I loved the profile by Alex Leary in Sunday’s Tampa Bay Times about Republican commentator and thorny bush Rick Wilson, whose daily Twitter rampages against President Donald Trump have made him a must-follow.
A lot of people must agree with that last statement. Wilson’s Twitter feed has 296,000 followers.
He is personal, fearless, on point, profane, borderline savage, uncouth and immensely entertaining when it comes to his assessment of Trump’s performance, either in the Twittersphere or as a columnist for The Daily Beast.
Well, good — that is, if his fellow conservatives are listening.
Denouncing Trump so loudly, so often, becomes just howling at the moon unless principled members of his party can execute a course correction. Republicans need to be on a path where honor matters more than tax cuts and border walls. It puts people like Wilson and principled conservatives in danger of becoming modern-day Cassandras — the mythical prophet whose warnings of disaster were ignored.
The GOP departure from reason that gave us Trump is not likely to be reversed even if Democrats clean up in the midterms. Republican senators denounce Trump when there is no other choice, but they cave when it comes time to vote.
Influential evangelical religious leaders like Franklin Graham are curiously tolerant of the president’s personal failings, even telling Fox & Friends recently, “I find this refreshing to have a president who’s not afraid to say Jesus, he’s not afraid to have prayers where people end in the name of Jesus … We’ve never had this, not in my lifetime, and he defends the Christian faith more than any president in my lifetime.“
Oh? Graham is 65 years old. That means he was alive when Jimmy Carter was president. That’s the same Jimmy Carter who presidency was judged a failure but whose status as a human being and a love-in-action Christian is beyond reproach.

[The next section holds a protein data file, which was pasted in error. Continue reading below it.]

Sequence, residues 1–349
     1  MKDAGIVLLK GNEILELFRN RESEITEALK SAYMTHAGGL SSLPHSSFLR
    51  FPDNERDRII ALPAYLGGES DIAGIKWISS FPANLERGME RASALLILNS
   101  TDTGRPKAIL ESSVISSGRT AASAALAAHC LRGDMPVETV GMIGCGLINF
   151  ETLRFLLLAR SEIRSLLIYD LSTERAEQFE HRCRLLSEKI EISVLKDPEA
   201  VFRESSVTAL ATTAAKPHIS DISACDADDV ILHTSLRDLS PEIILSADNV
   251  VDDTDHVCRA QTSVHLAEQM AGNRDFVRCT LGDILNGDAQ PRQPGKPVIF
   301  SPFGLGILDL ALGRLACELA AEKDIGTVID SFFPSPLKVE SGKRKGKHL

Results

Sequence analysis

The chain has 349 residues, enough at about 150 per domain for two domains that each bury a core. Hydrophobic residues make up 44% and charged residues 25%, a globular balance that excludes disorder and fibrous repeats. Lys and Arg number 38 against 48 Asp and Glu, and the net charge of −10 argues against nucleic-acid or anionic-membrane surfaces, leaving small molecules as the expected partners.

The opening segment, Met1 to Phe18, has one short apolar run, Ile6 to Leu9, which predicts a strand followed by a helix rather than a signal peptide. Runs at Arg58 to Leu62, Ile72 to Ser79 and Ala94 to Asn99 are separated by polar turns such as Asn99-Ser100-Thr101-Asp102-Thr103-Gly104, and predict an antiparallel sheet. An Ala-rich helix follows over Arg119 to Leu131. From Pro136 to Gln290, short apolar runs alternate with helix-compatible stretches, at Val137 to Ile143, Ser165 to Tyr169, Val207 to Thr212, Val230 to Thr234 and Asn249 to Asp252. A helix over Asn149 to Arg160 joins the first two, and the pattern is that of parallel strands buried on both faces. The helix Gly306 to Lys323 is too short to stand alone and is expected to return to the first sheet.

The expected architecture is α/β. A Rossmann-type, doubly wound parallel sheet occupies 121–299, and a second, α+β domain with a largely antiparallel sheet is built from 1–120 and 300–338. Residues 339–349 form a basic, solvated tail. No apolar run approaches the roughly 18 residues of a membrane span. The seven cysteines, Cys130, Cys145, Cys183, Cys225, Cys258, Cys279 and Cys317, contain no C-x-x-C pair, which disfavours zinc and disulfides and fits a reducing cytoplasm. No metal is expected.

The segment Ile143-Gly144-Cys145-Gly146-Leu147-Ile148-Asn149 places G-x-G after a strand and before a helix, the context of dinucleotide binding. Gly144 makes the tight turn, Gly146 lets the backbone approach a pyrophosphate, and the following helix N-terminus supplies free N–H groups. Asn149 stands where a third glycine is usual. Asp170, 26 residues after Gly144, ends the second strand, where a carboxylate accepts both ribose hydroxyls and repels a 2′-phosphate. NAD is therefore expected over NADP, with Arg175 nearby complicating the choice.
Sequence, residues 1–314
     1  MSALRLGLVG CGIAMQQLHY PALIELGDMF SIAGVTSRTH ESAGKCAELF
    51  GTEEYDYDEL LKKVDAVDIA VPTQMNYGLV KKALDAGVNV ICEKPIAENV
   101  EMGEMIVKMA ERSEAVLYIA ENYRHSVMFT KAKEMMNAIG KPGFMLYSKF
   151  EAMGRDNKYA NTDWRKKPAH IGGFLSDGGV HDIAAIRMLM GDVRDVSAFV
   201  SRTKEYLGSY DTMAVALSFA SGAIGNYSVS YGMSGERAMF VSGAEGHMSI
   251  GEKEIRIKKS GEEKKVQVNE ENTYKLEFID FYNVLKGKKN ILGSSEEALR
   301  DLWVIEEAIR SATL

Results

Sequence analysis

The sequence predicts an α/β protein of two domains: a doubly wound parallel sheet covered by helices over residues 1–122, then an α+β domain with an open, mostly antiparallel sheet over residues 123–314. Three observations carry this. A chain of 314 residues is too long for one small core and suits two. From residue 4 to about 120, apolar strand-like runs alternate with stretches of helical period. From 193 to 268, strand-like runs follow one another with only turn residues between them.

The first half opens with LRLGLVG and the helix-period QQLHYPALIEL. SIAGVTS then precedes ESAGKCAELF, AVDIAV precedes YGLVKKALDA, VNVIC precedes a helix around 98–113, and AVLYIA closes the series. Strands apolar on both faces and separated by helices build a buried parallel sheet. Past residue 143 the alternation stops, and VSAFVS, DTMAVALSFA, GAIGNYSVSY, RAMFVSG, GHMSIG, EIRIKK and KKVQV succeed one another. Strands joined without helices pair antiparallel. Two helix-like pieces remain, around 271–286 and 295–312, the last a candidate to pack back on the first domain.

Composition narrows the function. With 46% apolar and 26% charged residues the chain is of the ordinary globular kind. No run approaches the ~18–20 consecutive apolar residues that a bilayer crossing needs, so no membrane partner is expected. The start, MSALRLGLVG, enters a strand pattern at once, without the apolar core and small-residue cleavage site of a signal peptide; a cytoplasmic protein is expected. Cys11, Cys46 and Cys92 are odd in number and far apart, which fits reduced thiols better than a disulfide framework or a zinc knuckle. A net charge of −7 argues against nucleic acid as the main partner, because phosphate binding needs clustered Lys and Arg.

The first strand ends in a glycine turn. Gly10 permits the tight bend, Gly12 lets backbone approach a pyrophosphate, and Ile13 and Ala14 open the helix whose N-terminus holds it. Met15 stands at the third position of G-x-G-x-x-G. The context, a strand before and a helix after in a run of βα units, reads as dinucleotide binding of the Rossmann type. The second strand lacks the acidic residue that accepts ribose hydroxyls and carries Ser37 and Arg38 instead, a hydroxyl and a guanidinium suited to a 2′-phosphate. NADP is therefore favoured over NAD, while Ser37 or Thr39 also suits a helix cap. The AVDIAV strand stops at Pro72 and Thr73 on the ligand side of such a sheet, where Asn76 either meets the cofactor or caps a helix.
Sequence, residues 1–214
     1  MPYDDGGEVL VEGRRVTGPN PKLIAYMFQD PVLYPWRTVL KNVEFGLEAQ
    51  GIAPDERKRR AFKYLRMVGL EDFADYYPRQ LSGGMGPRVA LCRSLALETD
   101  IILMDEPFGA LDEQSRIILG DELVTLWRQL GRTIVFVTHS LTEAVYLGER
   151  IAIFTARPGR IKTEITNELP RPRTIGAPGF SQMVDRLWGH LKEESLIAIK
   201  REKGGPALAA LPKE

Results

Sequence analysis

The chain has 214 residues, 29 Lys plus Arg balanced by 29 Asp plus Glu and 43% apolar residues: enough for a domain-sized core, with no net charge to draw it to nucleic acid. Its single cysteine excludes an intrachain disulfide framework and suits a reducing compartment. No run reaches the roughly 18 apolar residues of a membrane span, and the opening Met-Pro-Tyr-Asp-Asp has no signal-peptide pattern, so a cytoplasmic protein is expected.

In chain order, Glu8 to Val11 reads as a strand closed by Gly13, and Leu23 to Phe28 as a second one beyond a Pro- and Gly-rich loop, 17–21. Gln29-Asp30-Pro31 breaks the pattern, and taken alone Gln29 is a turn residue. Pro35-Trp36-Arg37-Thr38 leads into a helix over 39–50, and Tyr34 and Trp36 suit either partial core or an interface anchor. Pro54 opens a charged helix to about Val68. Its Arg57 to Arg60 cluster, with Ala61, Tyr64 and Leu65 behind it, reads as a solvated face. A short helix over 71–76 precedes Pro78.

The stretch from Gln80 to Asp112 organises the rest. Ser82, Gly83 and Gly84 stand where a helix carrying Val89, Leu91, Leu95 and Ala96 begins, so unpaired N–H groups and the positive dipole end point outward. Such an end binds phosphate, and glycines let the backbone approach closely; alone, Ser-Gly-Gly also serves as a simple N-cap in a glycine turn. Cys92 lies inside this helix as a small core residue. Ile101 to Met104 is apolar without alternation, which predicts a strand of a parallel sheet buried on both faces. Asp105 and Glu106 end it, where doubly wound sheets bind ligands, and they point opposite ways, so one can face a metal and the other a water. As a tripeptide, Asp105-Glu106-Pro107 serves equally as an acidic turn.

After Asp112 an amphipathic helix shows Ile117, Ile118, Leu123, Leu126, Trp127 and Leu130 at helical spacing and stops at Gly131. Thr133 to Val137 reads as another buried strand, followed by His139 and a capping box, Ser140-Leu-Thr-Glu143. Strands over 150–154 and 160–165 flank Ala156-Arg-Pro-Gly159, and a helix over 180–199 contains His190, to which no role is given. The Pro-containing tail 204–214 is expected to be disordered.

That’s what I mean about a party that has lost its bearings, despite warnings from people like Rick Wilson. To put it in a way Franklin Graham might relate, the party mortgaged its soul in exchange for policies conservatives embrace.
It’s how people like Roy Moore, Joe Arpaio and Steve Bannon become prominent faces of Republican politics.
It’s how chanting “lock her up, lock her up” about a prominent Democrat became a rallying cry at the Republican National Convention in 2016.
It’s how Trump supporters can overlook the parallel between that and last weekend’s violent arrest in Moscow of Alexei Navalny, who was considered a serious challenger to President Vladimir Putin — Trump’s BFF — in the upcoming Russian election before he was mysteriously disqualified as a candidate.
Some Trump supporters probably wouldn’t mind seeing the same thing happen to Rick Wilson, judging by some of the correspondence he receives. And that’s really the problem.
Wilson’s taunts remind us that this is America and we don’t all have to agree. Maybe we even shouldn’t agree. Like his Twitter feed, this country is messy, complicated, and more than a little rude at times.
The profile made the point that Wilson, gasp, actually has friends who are Democrats. We used to be able to exist like that and still get along without checking all the ideological boxes. I miss those days.